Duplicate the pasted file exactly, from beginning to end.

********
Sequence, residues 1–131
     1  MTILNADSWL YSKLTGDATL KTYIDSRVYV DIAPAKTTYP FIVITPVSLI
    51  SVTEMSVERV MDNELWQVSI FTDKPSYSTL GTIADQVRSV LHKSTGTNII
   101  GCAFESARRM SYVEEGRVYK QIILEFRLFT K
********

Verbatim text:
Sequence, residues 1–131
     1  MTILNADSWL YSKLTGDATL KTYIDSRVYV DIAPAKTTYP FIVITPVSLI
    51  SVTEMSVERV MDNELWQVSI FTDKPSYSTL GTIADQVRSV LHKSTGTNII
   101  GCAFESARRM SYVEEGRVYK QIILEFRLFT K